Daily Health Headlines

Blood Test Might Someday Predict Your Stroke Risk

👤by HealthDay 0 comments 🕔Thursday, August 25th, 2016

WEDNESDAY, Aug. 24, 2016 (HealthDay News) -- In the doctor's office of the future, a simple blood test might gauge a patient's odds of suffering a stroke someday, new research suggests.

A team of Canadian researchers measured levels of blood-borne chemical signals, or "biomarkers," in the blood of more than 3,200 people.

The patients averaged 61 years of age and were tracked for an average of nine years. During that time, 98 of them did suffer a stroke.

Elevated levels of four of the biomarkers were linked with increased stroke risk, the team reported in the Aug. 24 online edition of the journal Neurology.

High blood levels of the chemical homocysteine indicated a 32 percent higher risk compared to people with the lowest levels, the researchers found. And high levels of three other biomarkers -- vascular endothelial growth factor, C-reactive protein, and tumor necrosis factor receptor 2 -- also indicated a similar heightening of stroke risk, the investigators said.

"Identifying people who are at risk for stroke can help us determine who would benefit most from existing or new therapies to prevent stroke," study lead author Dr. Ashkan Shoamanesh, of McMaster University in Ontario, said in a journal news release.

Two cardiologists agreed the idea has merit.

"This study is important because it may help to identify patients at high risk for future stroke and implement preventive measures beforehand, and not in reaction to a stroke," said Dr. Akira Todo, who directs the Stroke Program at Northern Westchester Hospital in Mount Kisco, N.Y.

Dr. Andrew Rogove is medical director of stroke at Southside Hospital in Bay Shore, N.Y. He called the work "both interesting and important."

"Stroke affects nearly 800,000 Americans each year, and it is the fifth leading cause of death and a leading cause of disability in the United States," he noted.

"If there were more biomarkers available to identify people at risk of stroke, this would invariably lead to prevention therapies, to lower the number of stroke victims," Rogove said.

Still, Shoamanesh cautioned that this research is still in its early days, and more work on the blood test is needed.

"Our study does not provide evidence that these markers are validated well enough to be implemented in clinical practice," he said.

-- Robert Preidt

Article Credits / Source


HealthDay provides up to the minute breaking health news. Click here to view this full article from HealthDay.

SOURCES: Akira Todo, M.D., director, stroke program, Northern Westchester Hospital, Mount Kisco, N.Y.; Andrew Rogove, M.D., Ph.D., medical director of stroke, Southside Hospital, Bay Shore, N.Y.; Neurology, news release, Aug. 24, 2016

View More Articles From HealthDay 🌎View Article Website

Sponsored Product

Lunar Sleep for $1.95

Lunar Sleep for $1.95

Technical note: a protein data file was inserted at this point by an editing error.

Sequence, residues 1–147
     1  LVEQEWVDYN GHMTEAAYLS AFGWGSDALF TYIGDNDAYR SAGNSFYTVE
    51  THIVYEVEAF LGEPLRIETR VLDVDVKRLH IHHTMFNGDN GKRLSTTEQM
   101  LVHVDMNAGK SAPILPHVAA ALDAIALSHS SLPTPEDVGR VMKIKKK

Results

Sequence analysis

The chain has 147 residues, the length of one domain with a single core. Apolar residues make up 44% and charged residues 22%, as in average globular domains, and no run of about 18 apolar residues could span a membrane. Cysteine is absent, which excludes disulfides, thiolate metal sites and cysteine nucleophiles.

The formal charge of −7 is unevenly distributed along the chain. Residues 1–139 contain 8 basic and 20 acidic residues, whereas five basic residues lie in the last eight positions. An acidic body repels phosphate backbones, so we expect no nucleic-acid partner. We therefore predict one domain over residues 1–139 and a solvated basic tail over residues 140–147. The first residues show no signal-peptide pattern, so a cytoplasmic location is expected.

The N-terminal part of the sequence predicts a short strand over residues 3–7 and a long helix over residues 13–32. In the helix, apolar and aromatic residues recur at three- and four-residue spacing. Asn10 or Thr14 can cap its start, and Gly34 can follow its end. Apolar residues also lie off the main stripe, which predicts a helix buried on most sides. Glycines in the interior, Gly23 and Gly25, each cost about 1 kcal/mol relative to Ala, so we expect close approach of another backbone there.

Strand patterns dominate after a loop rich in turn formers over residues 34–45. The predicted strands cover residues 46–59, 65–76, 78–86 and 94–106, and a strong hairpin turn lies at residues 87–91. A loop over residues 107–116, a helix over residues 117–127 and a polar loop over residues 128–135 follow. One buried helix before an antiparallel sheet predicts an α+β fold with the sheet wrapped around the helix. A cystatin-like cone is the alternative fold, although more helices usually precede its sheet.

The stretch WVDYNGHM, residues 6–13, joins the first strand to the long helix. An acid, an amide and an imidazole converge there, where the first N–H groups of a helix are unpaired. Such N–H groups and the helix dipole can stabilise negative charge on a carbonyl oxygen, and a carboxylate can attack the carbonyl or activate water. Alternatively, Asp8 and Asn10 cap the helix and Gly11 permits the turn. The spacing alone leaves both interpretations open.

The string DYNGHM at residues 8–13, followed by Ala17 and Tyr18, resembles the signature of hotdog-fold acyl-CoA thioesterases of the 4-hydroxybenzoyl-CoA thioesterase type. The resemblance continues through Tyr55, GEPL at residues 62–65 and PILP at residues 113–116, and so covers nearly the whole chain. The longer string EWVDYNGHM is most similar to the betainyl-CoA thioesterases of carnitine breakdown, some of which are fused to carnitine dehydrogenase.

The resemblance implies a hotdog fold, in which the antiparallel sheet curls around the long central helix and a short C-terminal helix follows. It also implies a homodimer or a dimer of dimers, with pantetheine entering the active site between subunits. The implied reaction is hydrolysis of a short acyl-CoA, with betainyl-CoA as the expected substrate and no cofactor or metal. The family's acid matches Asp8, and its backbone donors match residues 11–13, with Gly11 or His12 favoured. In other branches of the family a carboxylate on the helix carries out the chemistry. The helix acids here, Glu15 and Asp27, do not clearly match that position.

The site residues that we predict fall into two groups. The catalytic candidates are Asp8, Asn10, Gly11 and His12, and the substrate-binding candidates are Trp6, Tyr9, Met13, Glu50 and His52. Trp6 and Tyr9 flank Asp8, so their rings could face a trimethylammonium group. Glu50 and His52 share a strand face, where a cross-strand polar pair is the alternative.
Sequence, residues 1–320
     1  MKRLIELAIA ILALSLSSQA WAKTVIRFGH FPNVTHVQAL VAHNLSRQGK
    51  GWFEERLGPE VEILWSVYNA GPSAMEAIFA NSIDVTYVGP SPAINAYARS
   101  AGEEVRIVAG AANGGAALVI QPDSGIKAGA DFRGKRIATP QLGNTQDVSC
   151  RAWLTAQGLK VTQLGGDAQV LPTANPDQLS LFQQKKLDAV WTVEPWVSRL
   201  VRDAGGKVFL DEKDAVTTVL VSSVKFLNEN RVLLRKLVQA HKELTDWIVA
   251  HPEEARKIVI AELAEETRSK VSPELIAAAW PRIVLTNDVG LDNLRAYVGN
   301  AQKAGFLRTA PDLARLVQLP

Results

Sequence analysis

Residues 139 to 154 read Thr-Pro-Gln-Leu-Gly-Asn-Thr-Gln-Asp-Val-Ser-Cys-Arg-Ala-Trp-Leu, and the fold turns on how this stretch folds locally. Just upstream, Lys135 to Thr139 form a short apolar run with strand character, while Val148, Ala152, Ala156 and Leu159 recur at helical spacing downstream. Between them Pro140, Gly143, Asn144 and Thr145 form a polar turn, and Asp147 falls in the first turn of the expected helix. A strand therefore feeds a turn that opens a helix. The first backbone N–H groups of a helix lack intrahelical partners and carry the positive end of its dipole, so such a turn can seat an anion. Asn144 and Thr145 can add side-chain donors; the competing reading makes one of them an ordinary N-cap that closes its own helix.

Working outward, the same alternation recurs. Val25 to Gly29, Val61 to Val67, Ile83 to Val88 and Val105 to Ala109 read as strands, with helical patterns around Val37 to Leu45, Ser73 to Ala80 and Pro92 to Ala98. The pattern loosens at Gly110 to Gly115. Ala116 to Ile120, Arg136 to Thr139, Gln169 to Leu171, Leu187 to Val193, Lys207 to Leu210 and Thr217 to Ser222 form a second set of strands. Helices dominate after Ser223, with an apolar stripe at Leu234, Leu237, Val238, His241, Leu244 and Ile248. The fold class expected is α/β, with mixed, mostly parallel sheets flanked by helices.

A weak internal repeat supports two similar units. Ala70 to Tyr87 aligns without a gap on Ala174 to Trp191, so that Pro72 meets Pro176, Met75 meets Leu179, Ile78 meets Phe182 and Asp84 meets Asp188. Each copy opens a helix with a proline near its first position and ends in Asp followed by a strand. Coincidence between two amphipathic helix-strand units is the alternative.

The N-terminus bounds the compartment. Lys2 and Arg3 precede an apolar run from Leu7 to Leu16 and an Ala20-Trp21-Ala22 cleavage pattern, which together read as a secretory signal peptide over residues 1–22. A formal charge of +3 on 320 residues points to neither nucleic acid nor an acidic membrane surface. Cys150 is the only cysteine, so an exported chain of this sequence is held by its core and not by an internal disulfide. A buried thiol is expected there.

People who have trouble sleeping typically have low levels of melatonin, so melatonin supplements seem like a logical fix for insomnia. There is a high demand for sleep aids, especially in the U.S. The National Health Interview Survey done in 2002, and again in 2007, found 1.6 million US adults were using complementary and alternative sleep aids for insomnia. Lunar Sleep was a top choice. Use Promo Code: Sleep2014 and only pay $1.95 S&H.

Get Lunar Sleep for $1.95

More Neurology Articles

Moms' Rheumatoid Arthritis May Be Linked to Epilepsy Risk in Kids

Moms' Rheumatoid Arthritis May Be Linked to Epilepsy Risk in Kids0

WEDNESDAY, Nov. 16, 2016 (HealthDay News) -- Some children born to mothers with rheumatoid arthritis may have higher-than-average odds of developing epilepsy, a new study suggests. Children born to mothers with rheumatoid arthritis were ...

Brain Implant Lets 'Locked-In' ALS Patient Communicate

Brain Implant Lets 'Locked-In' ALS Patient Communicate0

MONDAY, Nov. 14, 2016 (HealthDay News) -- A high-tech implant has enabled a paralyzed woman with late-stage ALS (amyotrophic lateral sclerosis) to communicate through brain signaling, researchers say. The degenerative disease robbed Hanneke De ...

Blood Test May Someday Diagnose Concussion

Blood Test May Someday Diagnose Concussion0

FRIDAY, Nov. 11, 2016 (HealthDay News) -- A simple blood test may one day diagnose concussions with more than 90 percent certainty, a small Canadian study suggests. This new test is unique, the authors said, because it looks for more than 100 ...

gabapentin (Neurontin, Gralise, Horizant, Fanatrex FusePag)

gabapentin (Neurontin, Gralise, Horizant, Fanatrex FusePag)0

home / neurology center / neurology a-z list / gabapentin index / gabapentin (neurontin, gralise, horizant, fanatrex fusepag) drug monograph Pharmacy Author: Omudhome Ogbru, PharmD Omudhome Ogbru, ...

MS Symptoms May Develop Earlier in Darker, Cooler Climes

MS Symptoms May Develop Earlier in Darker, Cooler Climes0

THURSDAY, Nov. 3, 2016 (HealthDay News) -- The farther from the Equator someone with multiple sclerosis lives, the earlier symptoms begin, a new study finds. MS is a progressive disease affecting the central nervous system. Although symptoms ...

View More Neurology Articles


Write a Comment

Your email address will not be published. Required fields are marked *

Our Mailing List

Subscribe to our mailing list to get the latest health news as it breaks!

Your information will not be shared with anyone!